Our youngest is a full-time college student. But he’s also an Iraq combat veteran and National Guardsman who, in addition to his line-unit duties, supervises a regional Honor Guard team performing color guard honors and veteran’s funeral details over a wide area of a large, western state. NCOIC’s of such details are authorized swords with the dress uniform, and we thought a presentation sword would be an excellent gift upon his promotion to Sergeant.
So I looked at the current crop of new-made ceremonial swords sold by today’s uniform and insignia companies, and after examining the plated, soft-stainless blades, the scabbards assembled with staples and imagining how long the thin gold plating would survive frequent use, rather quickly came to the conclusion that rehabilitating an original sword would be a much better value for what will become his first family heirloom. I don’t pretend to know much about swords, but as a trained gunsmith specializing mostly in restorations as a sideline these past 40 years, I take particular pleasure in restoring the broken and abused pieces rejected by collectors to some degree of their former glory. I don’t try to make them look new, but like a piece that was well-used but also well-cared-for, which mostly involves undoing previous, heavy-handed repair and refinishing attempts.
Hence when I found this abused Henderson-Ames M1860 Staff and Field Officer’s Sword with well-dinged and badly-corroded hilt and scabbard, broken guard pins, bent and cracked quillon, and a stained and burred blade, I bought it. While the M1840 NCO Sword is the most common in use today, the M1860 patterns also included a model for staff NCO’s which is perfectly acceptable today, and this jewel is sufficiently close to the NCO pattern not to matter.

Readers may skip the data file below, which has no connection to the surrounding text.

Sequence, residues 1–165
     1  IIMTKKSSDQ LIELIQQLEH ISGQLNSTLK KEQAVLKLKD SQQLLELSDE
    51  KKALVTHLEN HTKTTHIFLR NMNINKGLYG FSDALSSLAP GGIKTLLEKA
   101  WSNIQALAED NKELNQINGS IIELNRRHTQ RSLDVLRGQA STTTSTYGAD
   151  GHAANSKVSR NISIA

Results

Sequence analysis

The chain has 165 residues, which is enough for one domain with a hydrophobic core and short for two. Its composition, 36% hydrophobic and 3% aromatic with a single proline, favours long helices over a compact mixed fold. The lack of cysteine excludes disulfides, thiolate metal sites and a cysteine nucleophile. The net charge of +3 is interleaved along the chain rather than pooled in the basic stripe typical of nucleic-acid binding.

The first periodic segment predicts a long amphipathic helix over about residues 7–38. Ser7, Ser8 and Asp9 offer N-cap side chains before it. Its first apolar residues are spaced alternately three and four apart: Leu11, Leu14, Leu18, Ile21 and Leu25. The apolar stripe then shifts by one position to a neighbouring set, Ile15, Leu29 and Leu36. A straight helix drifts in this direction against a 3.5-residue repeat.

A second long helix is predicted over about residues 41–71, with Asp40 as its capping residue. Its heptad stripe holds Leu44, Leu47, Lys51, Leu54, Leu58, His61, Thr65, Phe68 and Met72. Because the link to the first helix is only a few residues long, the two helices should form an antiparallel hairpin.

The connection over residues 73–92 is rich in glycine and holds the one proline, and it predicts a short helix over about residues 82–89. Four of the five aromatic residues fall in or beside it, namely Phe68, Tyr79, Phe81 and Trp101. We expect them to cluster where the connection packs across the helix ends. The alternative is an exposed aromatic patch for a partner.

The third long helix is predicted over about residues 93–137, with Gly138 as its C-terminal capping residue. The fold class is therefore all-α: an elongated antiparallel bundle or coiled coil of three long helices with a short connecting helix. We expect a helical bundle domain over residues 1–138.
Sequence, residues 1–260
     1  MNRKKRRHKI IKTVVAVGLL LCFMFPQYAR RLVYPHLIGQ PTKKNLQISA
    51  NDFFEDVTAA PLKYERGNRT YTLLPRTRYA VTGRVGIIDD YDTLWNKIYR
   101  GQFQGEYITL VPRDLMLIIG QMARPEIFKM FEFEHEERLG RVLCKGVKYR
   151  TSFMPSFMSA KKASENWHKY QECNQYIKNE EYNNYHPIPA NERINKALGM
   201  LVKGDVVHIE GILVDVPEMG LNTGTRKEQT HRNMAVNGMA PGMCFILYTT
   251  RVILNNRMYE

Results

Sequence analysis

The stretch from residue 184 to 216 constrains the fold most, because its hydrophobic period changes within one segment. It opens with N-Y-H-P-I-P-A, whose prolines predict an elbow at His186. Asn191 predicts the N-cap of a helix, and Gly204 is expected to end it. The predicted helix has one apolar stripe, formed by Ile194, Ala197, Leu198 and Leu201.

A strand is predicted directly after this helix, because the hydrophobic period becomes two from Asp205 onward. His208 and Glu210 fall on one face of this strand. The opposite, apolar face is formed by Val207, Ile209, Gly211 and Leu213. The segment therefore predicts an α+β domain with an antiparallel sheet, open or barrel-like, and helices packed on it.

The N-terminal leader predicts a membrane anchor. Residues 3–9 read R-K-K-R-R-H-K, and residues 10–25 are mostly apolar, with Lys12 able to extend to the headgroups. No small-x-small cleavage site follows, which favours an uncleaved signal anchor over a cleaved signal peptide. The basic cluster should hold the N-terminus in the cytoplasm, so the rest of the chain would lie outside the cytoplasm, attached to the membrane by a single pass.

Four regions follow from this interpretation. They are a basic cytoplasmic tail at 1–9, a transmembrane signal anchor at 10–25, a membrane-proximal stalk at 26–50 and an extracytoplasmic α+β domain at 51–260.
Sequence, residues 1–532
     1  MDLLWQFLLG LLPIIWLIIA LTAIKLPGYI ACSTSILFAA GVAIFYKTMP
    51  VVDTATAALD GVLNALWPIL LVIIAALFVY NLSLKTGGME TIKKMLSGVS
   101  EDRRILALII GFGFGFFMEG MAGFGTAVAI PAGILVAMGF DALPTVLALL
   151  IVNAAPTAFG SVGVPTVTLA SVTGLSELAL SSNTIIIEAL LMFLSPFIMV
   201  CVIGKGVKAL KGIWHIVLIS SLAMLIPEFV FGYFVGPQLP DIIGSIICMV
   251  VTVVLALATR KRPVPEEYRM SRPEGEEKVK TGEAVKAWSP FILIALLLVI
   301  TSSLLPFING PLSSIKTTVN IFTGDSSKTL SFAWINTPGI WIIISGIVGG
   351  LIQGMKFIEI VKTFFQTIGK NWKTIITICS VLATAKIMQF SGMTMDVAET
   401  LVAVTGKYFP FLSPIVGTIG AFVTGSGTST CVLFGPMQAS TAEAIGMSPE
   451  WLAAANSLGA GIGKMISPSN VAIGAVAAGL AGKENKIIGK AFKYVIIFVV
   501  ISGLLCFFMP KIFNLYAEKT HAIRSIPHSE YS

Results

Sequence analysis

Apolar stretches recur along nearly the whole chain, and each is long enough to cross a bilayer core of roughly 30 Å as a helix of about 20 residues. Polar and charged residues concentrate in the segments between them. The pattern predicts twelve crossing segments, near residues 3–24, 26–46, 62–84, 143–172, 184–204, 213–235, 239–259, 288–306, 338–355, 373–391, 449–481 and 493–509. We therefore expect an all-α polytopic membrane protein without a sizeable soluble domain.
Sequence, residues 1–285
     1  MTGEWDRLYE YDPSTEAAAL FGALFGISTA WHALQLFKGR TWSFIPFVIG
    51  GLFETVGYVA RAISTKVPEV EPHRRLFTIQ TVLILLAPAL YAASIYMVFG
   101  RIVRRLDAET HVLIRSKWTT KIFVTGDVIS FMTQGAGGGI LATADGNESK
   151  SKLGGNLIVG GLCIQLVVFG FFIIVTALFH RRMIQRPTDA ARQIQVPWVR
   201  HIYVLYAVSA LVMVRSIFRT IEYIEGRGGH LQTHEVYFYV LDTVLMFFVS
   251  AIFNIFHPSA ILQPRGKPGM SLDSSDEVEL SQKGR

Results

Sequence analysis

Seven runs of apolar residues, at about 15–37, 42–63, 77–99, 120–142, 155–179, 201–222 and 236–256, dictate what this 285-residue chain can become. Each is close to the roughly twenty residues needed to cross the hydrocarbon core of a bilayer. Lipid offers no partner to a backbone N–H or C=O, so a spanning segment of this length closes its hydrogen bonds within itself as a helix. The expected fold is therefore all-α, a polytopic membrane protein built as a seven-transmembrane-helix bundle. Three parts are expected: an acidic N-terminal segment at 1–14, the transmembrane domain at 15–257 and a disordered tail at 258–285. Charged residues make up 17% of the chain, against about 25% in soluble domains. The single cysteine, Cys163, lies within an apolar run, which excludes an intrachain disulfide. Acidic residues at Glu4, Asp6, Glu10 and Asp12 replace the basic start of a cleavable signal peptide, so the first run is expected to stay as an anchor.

What makes this one a jewel are the National Guard and “by-the-bootstraps” mustang connections. Emmett P. Greene was born in 1856, and was a common stonecutter in Atchison, Kansas. He volunteered to serve with the 22nd Kansas Volunteer Regiment during the Spanish-American War, one of four volunteer regiments raised in Kansas. While the 20th Kansas fought in 18 major engagements in the Philippines during 1898-99, and the 23rd Kansas performed occupation duty in Cuba, the 21st and 22nd Kansas regiments were held in reserve in the United States, the 22nd at Camp Alger, near Falls Church, Virginia, where it was ravaged by typhoid fever. When the regiments returned to Kansas by late 1899, they soon evolved into the newly-formed “National Guard” established by The Militia Act of 1903 passed by the US Congress. State and local militias and volunteer units now had a national underpinning, and E.P. Greene…by then age 47…was made a company commander in the new 1st Kansas Infantry Regiment at Atchison. The sword was a farewell gift at the end of his tour as a commander circa 1903-1906, undoubtedly paid for by passing the hat among the troops of Company L.